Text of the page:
Stories and Activities for Harmony Week
19 Feb 2021
The United Nations International Day for the Elimination of Racial Discrimination falls on 21 March, which also occurs during Harmony Week. An Australian Government initiative, Harmony Week runs from 15-21 March and aims to promote inclusiveness, respect and a sense of belonging for everyone.
In the lead up to Harmony Week, and to assist educators and families with helping children understand and empathise with the lives of others around them, we have put together dedicated story and activity collections. Each collection has a different focus that help children explore diversity, inclusion and belonging, which can be used independently or as a sequence. Discover all the stories below in our dedicated ‘Stories for Harmony Week 2021’ playlist, which you can find in your Story Box Library account.
After watching this collection, discuss the ways in which the characters from these stories are unique and diverse.
Work in pairs to discover five ways that you are similar or different to one another.
Use these stories to help you understand the experiences of others, by discussing the following questions:
What are some reasons that people leave their homes and start a new home in a another country?
What are some of the experiences migrants have on their journey to a new home?
What are some feelings experienced by migrants when they first arrive in a new place to live?
What are some acts of kindness others can show new community members to help them feel a sense of inclusion and belonging?
What are some ways that migrants can share their own experiences with their new community?
Imagine you share an experience with a character from one of these stories. Write a series of diary entries to describe your experience, including your life before you left, what you are forced to leave behind, how you would feel on the journey and in a new place.
Invite guest speakers to share their own personal experiences of moving to Australia from another country.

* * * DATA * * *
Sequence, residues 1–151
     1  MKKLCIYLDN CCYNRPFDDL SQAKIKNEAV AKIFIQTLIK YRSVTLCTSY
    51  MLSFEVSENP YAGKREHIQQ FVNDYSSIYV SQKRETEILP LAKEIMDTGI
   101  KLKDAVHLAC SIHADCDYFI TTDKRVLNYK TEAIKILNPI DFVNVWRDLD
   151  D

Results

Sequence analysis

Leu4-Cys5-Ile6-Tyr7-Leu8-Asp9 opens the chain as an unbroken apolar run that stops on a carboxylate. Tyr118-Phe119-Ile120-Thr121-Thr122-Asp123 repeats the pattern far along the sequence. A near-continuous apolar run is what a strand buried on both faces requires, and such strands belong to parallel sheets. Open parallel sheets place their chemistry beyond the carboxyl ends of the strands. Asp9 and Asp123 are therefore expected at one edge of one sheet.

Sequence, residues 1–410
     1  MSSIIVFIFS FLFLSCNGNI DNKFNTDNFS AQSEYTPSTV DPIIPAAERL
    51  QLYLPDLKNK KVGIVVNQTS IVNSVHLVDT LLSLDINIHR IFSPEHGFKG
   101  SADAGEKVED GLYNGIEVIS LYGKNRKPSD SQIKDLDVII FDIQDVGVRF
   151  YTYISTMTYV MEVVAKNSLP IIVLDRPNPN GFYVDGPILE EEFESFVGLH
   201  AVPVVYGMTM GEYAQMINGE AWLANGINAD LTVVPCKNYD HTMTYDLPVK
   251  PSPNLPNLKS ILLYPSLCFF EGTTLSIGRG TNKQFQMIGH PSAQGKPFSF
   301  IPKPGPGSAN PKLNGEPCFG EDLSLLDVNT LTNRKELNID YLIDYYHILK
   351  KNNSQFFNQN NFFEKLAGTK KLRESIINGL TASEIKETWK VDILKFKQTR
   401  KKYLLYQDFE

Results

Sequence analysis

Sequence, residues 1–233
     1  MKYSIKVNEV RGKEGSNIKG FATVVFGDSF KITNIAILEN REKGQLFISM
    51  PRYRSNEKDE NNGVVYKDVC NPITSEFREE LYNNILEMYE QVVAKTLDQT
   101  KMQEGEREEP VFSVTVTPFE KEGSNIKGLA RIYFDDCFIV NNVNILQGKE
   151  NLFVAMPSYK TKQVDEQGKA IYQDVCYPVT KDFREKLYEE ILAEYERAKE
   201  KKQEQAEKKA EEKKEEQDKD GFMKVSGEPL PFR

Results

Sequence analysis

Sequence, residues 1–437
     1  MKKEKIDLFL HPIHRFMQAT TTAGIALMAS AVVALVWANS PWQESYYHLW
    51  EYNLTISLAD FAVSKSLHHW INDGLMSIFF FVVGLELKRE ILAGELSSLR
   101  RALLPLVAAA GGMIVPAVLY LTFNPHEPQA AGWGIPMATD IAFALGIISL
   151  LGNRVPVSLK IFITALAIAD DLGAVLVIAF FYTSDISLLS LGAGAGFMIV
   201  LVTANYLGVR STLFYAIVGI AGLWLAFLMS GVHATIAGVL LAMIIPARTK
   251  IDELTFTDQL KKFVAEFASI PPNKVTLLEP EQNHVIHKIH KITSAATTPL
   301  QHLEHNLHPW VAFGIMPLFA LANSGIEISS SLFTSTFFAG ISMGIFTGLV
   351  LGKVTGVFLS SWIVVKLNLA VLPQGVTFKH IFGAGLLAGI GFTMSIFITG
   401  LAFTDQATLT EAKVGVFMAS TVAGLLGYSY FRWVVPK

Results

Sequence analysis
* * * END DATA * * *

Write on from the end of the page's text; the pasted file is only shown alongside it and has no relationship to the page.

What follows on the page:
Find examples in these stories that demonstrate:
Cooperation and collaboration
Using diverse knowledge and skills to work with others
Use the examples in these stories to help you write a Recipe for Harmony.
Find characters in these stories that share similar traits and behaviours.
Discuss how Roy Bland, the Littlelight mayor and Queen Celine manage their communities and the reasons for their actions. Do these characters remind you of anyone else in your life or the world?
How do Harry Highpants, Stella and the Littlelight girl effect change in their community and what inspires them? Do these characters remind you of anyone else in your life or the world?
What causes the communities in these stories to change their thoughts, beliefs and attitudes, and how does this change affect the community.
Write a persuasive exposition on the topic, border walls keep us safe.
Research border walls that have or do exist in the world.
Reviewing Literature with a Diversity Lens
Look for ‘mirrors’: Find, view and share stories from Story Box Library that represent or reflect who you are and the experiences you’ve had in your life so far.
Look for ‘windows’: Find, view and share stories from Story Box Library where characters and their experiences are different to your own.
Analyse a selection of stories from Story Box Library, and determine people from your community who are represented in the story and those who are missing from the story.
Re-write a selected story to include characters who are missing from the story.
Work as a class to create a checklist of features a story should include to accurately represent your community.
While these activities focus on celebrating Harmony Week, and Australia’s unique multicultural society, Story Box Library is committed to celebrating Australia’s diverse society in all its forms, not just culturally. Additional stories that can be found in our library that celebrate diverse representation include:
Represent a range of diverse and authentic lived experiences.
Challenge cultural stereotypes that are inaccurate and misinformed.
Tell historically accurate accounts.
Include languages other than English, and show experiences of characters who speak English as a second language.
Dissolve division between genders.
Model empathy towards refugees and asylum seekers.
Celebrate individuality and diversity.
Show that the world is bigger than an individual’s lounge room.
Written by authors who represent minority backgrounds.
Are read by storytellers with varied and diverse backgrounds.